Black Fork

The Black Fork, running through Shelby, is often the cause of flooding in the city. (Richland Source file photo)

MANSFIELD -- The Richland Soil & Water Conservation District will use a drone to obtain video of about 15 miles of the Black Fork, the first step in a project that could improve drainage and reduce flooding in and around Shelby.

The drone work, which will be led by RSWCD agricultural technician Matt Wallace, was approved on Tuesday afternoon by a joint meeting of Richland and Crawford county commissioners.

The hour-long meeting was formed as as the result of a joint ditch petition filed Feb. 24 by the City of Shelby and rural community members from Richland and Crawford counties.

Petitioners are asking commissioners "to examine and study the economic benefits to the City of Shelby and the approximately 70,000 acres of the agricultural community that lie within the petitioned watershed area."

Shelby Mayor Steve Schag joined the meeting, as did representatives from both of the county engineer's offices and soil & water conservation districts.

Richland County Commissioner Cliff Mears was elected president of the joint board of commissioners. Richland County Engineer Adam Gove will head the cost-benefit analysis and Richland County Clerk Stacey Crall was selected clerk of the joint board.

Crawford County is involved since some of the parcels that would benefit from the effort are in that county, commissioners said.

The petition, filed under Ohio Revised Code Section 6131, will request the river be cleaned and maintained annually by removing felled trees, leaning trees, log jams, and debris piles. The clearing of the obstructions will allow for better drainage and reduce risk of flooding.

Property owners of about 10,500 parcels would be assessed for the work if the project goes forward. The vast majority of the property is in Richland County.

Flooding along the Black Fork has been an ongoing issue in the Shelby area, including a massive flood in 2007 and smaller floods in subsequent recent years.

RSWCD Director Erica Thomas said Delaware County has used a drone for similar projects, which will be combined with the in-person viewing of some sites by officials.

RSWCD officials have done drone footage of some of the area in the past, which can be viewed here.

"I think it's a good idea to use drone footage," Wallace said. "Not everyone is physically able to traverse the terrain out there. There is thick vegetation in some places and uneven footing."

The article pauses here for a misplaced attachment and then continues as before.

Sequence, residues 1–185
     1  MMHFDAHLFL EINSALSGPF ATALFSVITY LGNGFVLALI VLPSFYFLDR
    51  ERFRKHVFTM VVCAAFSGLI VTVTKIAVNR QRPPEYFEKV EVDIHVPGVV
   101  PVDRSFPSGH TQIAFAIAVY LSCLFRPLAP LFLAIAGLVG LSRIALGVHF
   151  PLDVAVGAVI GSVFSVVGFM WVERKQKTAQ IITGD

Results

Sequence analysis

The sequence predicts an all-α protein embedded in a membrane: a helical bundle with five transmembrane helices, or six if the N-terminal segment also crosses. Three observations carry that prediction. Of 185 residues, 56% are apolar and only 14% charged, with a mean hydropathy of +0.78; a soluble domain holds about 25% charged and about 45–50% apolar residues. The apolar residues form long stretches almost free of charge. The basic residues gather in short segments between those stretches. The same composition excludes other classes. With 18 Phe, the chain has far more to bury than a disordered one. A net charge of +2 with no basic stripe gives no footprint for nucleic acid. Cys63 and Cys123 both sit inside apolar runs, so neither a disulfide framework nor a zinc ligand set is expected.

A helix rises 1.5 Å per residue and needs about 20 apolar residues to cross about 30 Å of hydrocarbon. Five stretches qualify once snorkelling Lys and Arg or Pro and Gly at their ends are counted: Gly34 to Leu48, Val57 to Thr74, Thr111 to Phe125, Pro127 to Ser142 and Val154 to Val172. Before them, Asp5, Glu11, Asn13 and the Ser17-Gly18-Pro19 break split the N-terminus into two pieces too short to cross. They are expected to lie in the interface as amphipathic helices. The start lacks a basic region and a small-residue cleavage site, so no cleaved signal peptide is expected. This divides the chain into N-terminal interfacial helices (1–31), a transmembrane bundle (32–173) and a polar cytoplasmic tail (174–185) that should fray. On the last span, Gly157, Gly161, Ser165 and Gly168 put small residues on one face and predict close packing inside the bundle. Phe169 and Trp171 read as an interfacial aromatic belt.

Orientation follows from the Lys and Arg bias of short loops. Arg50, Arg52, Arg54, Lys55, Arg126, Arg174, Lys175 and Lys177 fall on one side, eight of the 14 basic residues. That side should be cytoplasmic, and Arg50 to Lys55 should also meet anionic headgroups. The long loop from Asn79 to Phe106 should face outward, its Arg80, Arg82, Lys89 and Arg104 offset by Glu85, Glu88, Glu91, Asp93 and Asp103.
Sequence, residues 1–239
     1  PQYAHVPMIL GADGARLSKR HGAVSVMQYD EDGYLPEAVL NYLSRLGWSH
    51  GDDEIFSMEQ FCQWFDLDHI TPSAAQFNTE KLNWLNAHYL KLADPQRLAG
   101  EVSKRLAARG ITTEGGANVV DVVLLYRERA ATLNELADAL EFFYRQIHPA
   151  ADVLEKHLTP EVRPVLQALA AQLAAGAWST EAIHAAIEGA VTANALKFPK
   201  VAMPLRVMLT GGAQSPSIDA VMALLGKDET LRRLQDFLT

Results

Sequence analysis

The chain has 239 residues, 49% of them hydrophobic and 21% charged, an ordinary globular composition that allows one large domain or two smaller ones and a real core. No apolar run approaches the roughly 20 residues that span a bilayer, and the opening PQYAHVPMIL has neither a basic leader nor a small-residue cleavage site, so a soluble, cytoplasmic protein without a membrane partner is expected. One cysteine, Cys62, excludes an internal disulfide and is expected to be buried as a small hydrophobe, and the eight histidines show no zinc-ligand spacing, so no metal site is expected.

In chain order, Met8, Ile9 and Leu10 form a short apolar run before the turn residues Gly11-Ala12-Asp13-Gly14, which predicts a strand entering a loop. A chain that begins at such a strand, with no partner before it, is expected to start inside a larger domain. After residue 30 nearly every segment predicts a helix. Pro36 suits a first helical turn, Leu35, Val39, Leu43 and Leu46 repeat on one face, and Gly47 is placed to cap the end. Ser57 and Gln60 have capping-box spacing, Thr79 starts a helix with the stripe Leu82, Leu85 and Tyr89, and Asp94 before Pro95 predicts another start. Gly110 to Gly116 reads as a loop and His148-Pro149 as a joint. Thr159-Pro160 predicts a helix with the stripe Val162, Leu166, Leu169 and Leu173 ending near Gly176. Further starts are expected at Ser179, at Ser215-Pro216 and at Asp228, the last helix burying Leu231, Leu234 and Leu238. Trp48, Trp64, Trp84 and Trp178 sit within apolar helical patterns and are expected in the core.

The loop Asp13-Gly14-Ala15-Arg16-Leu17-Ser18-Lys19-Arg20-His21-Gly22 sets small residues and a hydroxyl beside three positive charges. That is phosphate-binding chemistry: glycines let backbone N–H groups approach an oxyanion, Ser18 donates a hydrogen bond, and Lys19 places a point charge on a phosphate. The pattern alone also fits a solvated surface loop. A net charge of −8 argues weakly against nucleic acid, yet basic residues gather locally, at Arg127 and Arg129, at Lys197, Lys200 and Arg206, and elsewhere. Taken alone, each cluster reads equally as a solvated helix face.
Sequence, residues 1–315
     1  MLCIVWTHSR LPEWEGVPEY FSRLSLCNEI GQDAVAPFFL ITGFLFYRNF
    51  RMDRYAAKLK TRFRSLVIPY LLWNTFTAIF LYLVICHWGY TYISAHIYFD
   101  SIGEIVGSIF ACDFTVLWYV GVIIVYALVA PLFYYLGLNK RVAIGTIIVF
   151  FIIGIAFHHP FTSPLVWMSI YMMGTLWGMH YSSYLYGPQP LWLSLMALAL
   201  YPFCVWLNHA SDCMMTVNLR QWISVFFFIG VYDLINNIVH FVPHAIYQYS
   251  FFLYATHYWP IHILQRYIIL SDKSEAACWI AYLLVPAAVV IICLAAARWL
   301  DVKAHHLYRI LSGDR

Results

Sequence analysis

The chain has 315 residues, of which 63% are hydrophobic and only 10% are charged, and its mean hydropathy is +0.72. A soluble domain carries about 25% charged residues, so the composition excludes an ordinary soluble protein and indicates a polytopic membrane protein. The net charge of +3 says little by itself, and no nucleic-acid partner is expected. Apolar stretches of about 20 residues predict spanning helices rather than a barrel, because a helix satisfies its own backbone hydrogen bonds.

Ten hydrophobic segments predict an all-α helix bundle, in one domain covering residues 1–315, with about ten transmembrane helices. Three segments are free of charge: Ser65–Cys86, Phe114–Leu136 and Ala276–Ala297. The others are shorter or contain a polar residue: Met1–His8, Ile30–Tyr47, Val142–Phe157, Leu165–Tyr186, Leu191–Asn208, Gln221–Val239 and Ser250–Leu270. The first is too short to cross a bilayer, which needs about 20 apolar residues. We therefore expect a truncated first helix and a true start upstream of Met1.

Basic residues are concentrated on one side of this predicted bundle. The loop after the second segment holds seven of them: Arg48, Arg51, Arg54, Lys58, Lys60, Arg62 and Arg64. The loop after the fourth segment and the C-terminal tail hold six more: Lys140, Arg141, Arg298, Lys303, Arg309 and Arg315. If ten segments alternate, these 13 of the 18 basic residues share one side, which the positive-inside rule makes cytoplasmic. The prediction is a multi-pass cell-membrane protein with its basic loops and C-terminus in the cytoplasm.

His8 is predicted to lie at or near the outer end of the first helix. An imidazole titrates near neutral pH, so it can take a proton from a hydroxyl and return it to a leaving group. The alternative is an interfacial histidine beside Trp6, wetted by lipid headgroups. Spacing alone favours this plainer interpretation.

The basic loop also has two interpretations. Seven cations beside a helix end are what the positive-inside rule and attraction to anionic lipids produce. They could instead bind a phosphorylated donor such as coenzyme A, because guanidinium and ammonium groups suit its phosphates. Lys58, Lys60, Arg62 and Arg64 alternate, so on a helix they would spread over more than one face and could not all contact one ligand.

Wallace said it would take about a week to complete the drone work, depending on the weather.

Black Fork Ditch Project map

If it goes forward, the ditch project would be a continuation of two phases already privately planned and organized by Shelby residents at a cost of about $367,000, according to Thomas.

The RSWCD said phase one cleaned the waterway from Ohio 13 to State Street and that a second phase is nearly complete, clearing the Black Fork from State Street to Mickey Road.

"These two projects were beneficial in cleaning and clearing the river, but more work is necessary to help with continuing efforts to keep the river flowing," RSWCD said in an earlier press release.

The ditch petition would cover the Black Fork from the Mickey Road bridge in Shelby to the eastern edge of the water course bridge at Ohio 13 in Franklin Township.

The joint board of commissioners approved May 20 at 1:30 p.m. to physically view some of the sites along the Black Fork. They will view the drone footage on May 21 at 9:30 a.m. in the Richland County commissioners' meeting room.

The first of what could be two public hearings on the project is scheduled Aug. 5 at 6:30 p.m. at the Longview Center at 1495 W. Longview Ave. in Mansfield.

Crall will mail letters about the viewings and public hearing to all property owners who would be assessed as part of the project.

Earlier on Tuesday, Richland County commissioners' actions included:

-- unanimous approval of 1.9 acres into the Village of Bellville from Washington Township. The request, made Feb. 9, was previously approved by both the township and village. It's located at Kochheiser Road near the intersection of I-71 and Ohio 97.

-- unanimous approval for the Richland County Juvenile Court to dispose of a vehicle.

-- unanimous approval of an overtime resolution for wastewater employees.

-- unanimous approval for the Richland County Engineer's Office to buy a used dump truck from Mifflin Township for $19,500. The 2012 vehicle has 33,062 miles.

-- unanimous approval for the purchase of a new 2021 Ford F150 pickup truck from Graham AutoMall for $29,640. The pickup will replace one destroyed in an accident when a semi failed to yield at a red light and collided with the vehicle at the intersection of Diamond and Fifth streets, engineer Adam Gove said. The insurance company for the semi sent the county a check for $20,286.

-- unanimous approval of the county's road mileage of 347.615 miles. The mileage decreased by one-tenth due to an annexation of a portion of Illinois Avenue into the City of Mansfield, Gove said.

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City editor. 30-year plus journalist. Husband. Father of 3 grown sons and also a proud grandpa. Prior military journalist in U.S. Navy, Ohio Air National Guard. -- Favorite quote: "Where were you when the page was blank?"